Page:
Photo: Chris King
It’s doubtful people will be going to the polls with food waste on their minds this election. The future of the NHS, Brexit and climate change have dominated the election campaigns, and for good reason. If you’re reading this, you’re probably no stranger to the climate implications of food waste. Hubbub’s recently published research showed this issue is very important to people and that they believe retailers play a significant role in shaping our habits. In fact, what it shows is that people are looking to individuals, communities and the market to resolve the issue and that’s what we’ve been told to do.
This is Rubbish (TiR) has been looking at the issue in the wider context of global food and agriculture and what will happen in this country after the election. Nearly a billion people living in food poverty globally could be fed on less than a quarter of the food being wasted in the UK, US and Europe while the Government’s Environmental Audit Committee found that between 1.97 and 3 million people in the UK are undernourished and in London alone 9 million meals a day are needed to alleviate hunger according to City Harvest. This is happening in a country where, according to the latest estimates by WRAP, around 10 million tonnes of food and drink is wasted after the farm every year. Out of this, approximately 70% is avoidable wastage which could have been used to feed the hungry and malnutritioned. How are we getting it so wrong? Not only are redistribution initiatives unable to meet the demands of the problem but this strategy does not alleviate the environmental harm caused by a broken food system.
After many years of campaigning, in 2014 TiR set out to deliver education programmes that informed young people about the causes and effects of food waste. That is, when they throw food away, they are wasting everything that went into its production. Even though the proportion of food wasted at the consumption stage is 22% of the total, the carbon footprint at this stage is almost 37% of the total carbon footprint of the food chain. The next step is to examine how the system is allowing this to happen when the costs are so high. The very fact that we can and have been wasting up to a third of all food that is produced is because we have a food system predicated on market forces with little or no accountability. In reality this means that we can exploit the land and resources of poorer countries and transfer waste onto them through unfair trading practises. We can do this in a country where the retail sector has the ability to set prices and pick and choose from global food markets regardless of the human and environmental cost.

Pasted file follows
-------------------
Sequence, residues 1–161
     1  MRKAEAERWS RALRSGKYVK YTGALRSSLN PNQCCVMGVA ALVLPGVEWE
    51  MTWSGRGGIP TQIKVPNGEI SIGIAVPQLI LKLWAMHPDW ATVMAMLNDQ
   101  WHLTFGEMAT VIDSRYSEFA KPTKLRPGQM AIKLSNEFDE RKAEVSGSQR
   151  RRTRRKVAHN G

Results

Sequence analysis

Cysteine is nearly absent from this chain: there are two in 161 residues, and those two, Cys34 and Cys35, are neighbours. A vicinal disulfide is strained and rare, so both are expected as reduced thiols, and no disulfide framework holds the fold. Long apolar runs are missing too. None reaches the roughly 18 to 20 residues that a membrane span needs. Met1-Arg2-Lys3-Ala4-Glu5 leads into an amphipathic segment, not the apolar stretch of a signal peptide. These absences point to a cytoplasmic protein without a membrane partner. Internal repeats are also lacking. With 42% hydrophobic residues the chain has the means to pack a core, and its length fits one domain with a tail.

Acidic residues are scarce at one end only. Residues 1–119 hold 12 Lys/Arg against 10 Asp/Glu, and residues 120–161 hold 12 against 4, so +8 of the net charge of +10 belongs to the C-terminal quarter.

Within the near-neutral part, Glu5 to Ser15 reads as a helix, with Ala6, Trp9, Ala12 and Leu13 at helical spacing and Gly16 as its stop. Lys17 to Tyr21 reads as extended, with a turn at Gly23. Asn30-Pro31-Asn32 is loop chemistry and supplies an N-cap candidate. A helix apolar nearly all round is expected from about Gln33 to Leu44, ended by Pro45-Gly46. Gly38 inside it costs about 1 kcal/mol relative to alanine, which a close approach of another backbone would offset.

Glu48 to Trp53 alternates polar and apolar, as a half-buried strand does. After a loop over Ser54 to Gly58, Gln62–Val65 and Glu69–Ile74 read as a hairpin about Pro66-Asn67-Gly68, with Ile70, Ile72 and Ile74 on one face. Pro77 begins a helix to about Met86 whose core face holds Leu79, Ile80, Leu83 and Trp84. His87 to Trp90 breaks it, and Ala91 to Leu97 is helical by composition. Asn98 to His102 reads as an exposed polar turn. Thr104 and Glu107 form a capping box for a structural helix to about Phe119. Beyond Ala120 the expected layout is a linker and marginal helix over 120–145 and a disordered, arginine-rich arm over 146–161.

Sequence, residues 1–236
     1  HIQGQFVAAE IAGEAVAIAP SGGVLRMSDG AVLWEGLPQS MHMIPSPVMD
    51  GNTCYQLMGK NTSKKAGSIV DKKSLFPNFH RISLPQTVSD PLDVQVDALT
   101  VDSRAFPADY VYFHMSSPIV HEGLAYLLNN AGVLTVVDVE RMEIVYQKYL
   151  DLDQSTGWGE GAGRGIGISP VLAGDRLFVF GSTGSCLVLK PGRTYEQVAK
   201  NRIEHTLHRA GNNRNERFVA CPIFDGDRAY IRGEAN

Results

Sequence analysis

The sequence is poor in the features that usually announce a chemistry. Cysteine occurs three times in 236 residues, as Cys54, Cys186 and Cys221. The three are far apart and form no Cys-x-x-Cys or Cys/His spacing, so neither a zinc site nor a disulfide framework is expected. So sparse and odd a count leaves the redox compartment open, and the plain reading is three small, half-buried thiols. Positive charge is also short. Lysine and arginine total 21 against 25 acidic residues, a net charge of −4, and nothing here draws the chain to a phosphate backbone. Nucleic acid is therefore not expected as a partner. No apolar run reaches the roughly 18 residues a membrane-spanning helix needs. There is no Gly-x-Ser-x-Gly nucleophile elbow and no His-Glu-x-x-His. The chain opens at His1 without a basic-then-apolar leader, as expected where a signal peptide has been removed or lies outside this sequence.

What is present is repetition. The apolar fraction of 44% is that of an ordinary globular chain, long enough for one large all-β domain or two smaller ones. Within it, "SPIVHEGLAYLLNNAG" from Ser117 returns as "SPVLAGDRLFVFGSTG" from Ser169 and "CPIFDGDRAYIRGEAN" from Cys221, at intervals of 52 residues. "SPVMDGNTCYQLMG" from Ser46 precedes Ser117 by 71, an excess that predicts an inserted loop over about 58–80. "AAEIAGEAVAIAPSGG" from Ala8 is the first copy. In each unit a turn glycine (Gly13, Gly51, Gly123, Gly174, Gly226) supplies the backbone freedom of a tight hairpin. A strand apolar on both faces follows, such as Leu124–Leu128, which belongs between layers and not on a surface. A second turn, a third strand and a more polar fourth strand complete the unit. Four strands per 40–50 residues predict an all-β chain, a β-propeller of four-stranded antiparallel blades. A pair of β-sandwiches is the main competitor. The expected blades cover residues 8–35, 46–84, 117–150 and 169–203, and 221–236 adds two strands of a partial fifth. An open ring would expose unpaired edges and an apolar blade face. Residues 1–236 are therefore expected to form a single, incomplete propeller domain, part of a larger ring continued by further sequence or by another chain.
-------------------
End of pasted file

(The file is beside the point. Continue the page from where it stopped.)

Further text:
Prominent figures from the world of finance are finally saying we need to “rethink capitalism and its obsession with constant economic growth” and that our current system “borrows from the future while destroying the environment” as reported last month in the FT.
Transition is inevitable, justice is not
We know we need to address climate change. Channel 4’s recent climate debate shows how seriously most of the leadership candidates are taking this. However, there is a danger of focusing the narrative around single issues rather than looking at the social and economic drivers of the climate crisis.
We cannot put in place goals for our own country without looking at what they mean for other countries. If we do this, we will surely never be able to address climate change in time. We need to look at the problems of the food system, including waste, as rooted in global inequality perpetuated by our economics. We are already seeing that climate change is forcing migration due to food and water shortages and the political instability that follows. Continuing down a road of extractive and consumptive behaviour will exacerbate this.
Across the world we are seeing calls for a Just Transition. The Green New Deal movement, The TUC, Friends of the Earth (FoE) to name a few, have identified that carbon neutrality cannot be achieved using old thinking and exploitation of the local or international labour force. In this country, nobody wants to see lives affected as they were by the shutting of the coal mines in the 1980’s.
As FoE rightly puts it “The real choice is not jobs or climate. It’s both or neither. Transition is inevitable, justice is not.” When we signed the Paris Accord we agreed to ‘Take into account the imperatives of a just transition of the workforce and the creation of decent work and quality jobs in accordance with nationally defined development priorities.” TiR is looking to the next government to honour this.
TiR agrees with the findings of the 2018 EAT-Lancet report: food will be the defining issue of this century we are calling for the next Government to help design waste out of the supply chain and fix a broken system. Our next campaign will seek to engage stakeholders in changing the narrative to reframe food waste as a problem rooted in inequality and power imbalances.